Wave of Attacks on Herat Candidates

Murder, kidnap and intimidation of political activists has marred the run-up to the September 18 parliamentary election in Afghanistan’s western Herat province.

As candidates accuse police of failing to ensure their safety, security officials say they lack the resources needed to protect all 150 parliamentary hopefuls in the province, especially when campaigning takes place in remote districts.

In worst incident so far, five members of the campaign team of Herat lawmaker Fouzia Gilani – four members of her family and a driver – were killed in the district of Adrasken, south of Herat city

Eyewitness Akhter Mohammad, 40, said that the bodies were found on 29 August, their hands tied with scarves and with gunshot wounds to their heads, hands and feet.

The dead had been among ten members of Gilani’s campaign team kidnapped three days earlier. The five others were later released.

Following the murders, Taleban spokesman Qari Yusuf Ahmadi told IWPR that his group was responsible, while Gilani accused the security forces of inefficiency and negligence.

“The police forces are just bystanders in such incidents,” she told a press conference, saying that on several occasions she had asked the Herat security authorities and the interior ministry to help secure the release of her campaign staff, but to no avail.

“I knew the location where these five people were being kept,” she said. “I asked the security authorities to assign me a group of police and some vehicles so that I’d be able to get them released, but they refused to do so.”

(For more on the particular difficult task facing women in this election, see Uphill Struggle for Female Candidates in Herat.)

Police in Herat denied they were at fault.

General Ikramuddin Yawar, the police commander for Afghanistan’s western zone, told IWPR that his forces had asked candidates to always let them know if they were campaigning in remote areas. He said all the attacks so far involved individuals who had failed to do this.

“The responsibility therefore lies with them, not the security authorities,” he said.

Other attacks in the run-up to the election include an incident in which armed men fired on members of the team of candidate Abdul Hadi Jamshidi as he campaigned in his native district of Kushk-e-Rabat Sangi, north of Herat city, on August 22. Jamshidi’s brother was killed and two of his armed guards injured.

Jamshidi told IWPR that the attack was orchestrated by Taleban fighters based in the area.

“Some time ago, I was informed by local elders that the Taleban had decided during a meeting that they were going to kill me during the campaign,” he said.

Jamshidi alleges that he shared this intelligence with the security agencies but that they took no action.

In another case, parliamentary candidate Abdul Manan Nurzai was shot dead on the way from his office to the mosque by two men riding on motorcycles.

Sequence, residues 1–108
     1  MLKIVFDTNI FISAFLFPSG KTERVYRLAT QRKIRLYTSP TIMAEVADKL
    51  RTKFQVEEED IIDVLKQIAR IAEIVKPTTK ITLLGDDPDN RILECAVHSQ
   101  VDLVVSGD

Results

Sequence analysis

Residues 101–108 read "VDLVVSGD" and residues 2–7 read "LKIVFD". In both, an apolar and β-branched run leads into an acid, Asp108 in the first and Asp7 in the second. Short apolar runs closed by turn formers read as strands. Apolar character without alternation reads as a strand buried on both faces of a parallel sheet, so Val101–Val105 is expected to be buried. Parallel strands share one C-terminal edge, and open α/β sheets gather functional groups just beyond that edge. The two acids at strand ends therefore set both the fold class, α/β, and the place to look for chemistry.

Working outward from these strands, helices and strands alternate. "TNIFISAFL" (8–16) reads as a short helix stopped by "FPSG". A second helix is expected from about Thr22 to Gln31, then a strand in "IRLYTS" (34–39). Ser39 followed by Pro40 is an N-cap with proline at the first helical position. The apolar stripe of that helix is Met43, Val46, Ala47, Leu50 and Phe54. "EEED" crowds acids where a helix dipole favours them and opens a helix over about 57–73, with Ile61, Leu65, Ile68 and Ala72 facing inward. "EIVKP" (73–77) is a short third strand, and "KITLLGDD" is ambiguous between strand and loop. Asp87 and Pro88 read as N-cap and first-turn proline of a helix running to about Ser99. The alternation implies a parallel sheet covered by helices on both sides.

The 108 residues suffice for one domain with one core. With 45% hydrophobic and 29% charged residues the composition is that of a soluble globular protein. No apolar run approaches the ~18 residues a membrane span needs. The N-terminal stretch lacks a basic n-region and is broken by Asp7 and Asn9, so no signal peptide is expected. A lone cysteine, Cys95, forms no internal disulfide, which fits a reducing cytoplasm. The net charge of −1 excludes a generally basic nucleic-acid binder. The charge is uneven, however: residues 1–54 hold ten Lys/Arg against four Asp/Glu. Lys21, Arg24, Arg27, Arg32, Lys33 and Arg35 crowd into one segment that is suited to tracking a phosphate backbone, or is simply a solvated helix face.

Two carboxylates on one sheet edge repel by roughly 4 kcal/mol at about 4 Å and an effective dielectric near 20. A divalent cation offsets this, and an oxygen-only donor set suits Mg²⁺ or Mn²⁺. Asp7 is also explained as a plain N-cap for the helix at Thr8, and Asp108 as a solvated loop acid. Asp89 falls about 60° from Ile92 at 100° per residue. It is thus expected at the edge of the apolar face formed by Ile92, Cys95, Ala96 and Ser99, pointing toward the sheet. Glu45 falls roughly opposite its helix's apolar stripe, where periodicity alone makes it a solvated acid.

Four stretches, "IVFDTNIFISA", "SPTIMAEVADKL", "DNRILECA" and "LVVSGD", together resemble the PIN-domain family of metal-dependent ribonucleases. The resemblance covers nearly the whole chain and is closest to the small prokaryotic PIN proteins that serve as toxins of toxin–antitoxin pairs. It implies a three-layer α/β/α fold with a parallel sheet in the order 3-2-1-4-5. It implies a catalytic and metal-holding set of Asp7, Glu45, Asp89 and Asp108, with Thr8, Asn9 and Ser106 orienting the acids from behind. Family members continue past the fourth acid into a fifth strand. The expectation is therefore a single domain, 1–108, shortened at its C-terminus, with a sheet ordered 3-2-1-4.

Shindand district chief Lal Mohammad Omerzai said that police had opened an investigation into the August 28 shooting, but that he had no further information for the moment.

Nurzai’s nephew Abdul Razaq said his uncle had been killed because of the support he had won in Zirkoh, an area of Shindand largely controlled by the insurgents.

Another parliamentary candidate, Mohammad Yusuf Wakilzada, described how he was kidnapped together with two bodyguards on July 20 in the Gulran district of Herat province.

“The kidnappers held me for eight days, and I was released through the mediation of local elders,” he said.

Wakilzada said he was freed after the local elders gave guarantees to the kidnappers that he would stop campaigning in Gulran. He has closed his office there, but says he is still trying to campaign in more informal ways.

Most of the attacks on candidates and their teams have been attributed to the Taleban, as they attempt to derail the election.

“The opposition is trying to put pressure on the candidates and compel them to withdraw,” Mohammad Halim Taraki, a candidate whose office was bombed early on in the election campaign, said.

The United Nations Assistance Mission for Afghanistan, UNAMA, condemned the violence and called for the Afghan security forces to be on a heightened state of alert in the weeks running up to the vote.

The Independent Election Commission, IEC, also expressed concern about intimidation.

Awalurrahman Rodwal, head of the IEC office in Herat, said the commission always raised concerns about the safety of political activists during meetings with the security agencies.

While the IEC was keen for police to “do their best to create secure conditions”, Rodwal said candidates must also remember they were operating in an unstable environment.

A spokesman for the western policing zone, Abdul Rauf Ahmadi, said he was confident police would be able to put the right security measures in place on election day, while acknowledging that the force was spread rather thin at the moment.

“The security authorities have an appropriate programme to ensure election day is safe, based on plans made by the interior ministry,” he said.

Ahmadi said that while the police were responsible for protecting candidates, they had neither the manpower nor the equipment to guard all 150 of them as they campaigned in various parts of Herat province.

“Police accompany ten candidates to remote areas of Herat every day,” he said. “We don’t have enough resources, but despite that we accept that they have the right to complain, because they have suffered. We feel have a responsibility to accompany candidates if they ask us to do so.”

Not everyone is convinced by this argument.

“I don’t agree with the idea that if people inform the police when they’re going to remote areas, the problems will be solved,” Basir Nikzad, a political analyst in Herat, said. “It isn’t just in remote areas that the candidates face threats – they’re also confronted with them in Herat city.”